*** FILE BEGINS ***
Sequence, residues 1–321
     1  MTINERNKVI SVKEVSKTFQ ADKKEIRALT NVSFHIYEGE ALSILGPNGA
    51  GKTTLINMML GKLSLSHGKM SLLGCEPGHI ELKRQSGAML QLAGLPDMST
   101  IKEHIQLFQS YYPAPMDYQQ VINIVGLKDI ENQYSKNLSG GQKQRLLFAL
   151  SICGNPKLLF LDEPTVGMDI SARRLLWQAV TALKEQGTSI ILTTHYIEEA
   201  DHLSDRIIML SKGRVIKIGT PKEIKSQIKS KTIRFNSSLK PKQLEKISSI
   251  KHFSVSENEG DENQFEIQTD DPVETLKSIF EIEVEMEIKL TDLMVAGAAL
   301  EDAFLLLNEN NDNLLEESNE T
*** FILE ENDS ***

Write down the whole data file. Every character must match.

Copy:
Sequence, residues 1–321
     1  MTINERNKVI SVKEVSKTFQ ADKKEIRALT NVSFHIYEGE ALSILGPNGA
    51  GKTTLINMML GKLSLSHGKM SLLGCEPGHI ELKRQSGAML QLAGLPDMST
   101  IKEHIQLFQS YYPAPMDYQQ VINIVGLKDI ENQYSKNLSG GQKQRLLFAL
   151  SICGNPKLLF LDEPTVGMDI SARRLLWQAV TALKEQGTSI ILTTHYIEEA
   201  DHLSDRIIML SKGRVIKIGT PKEIKSQIKS KTIRFNSSLK PKQLEKISSI
   251  KHFSVSENEG DENQFEIQTD DPVETLKSIF EIEVEMEIKL TDLMVAGAAL
   301  EDAFLLLNEN NDNLLEESNE T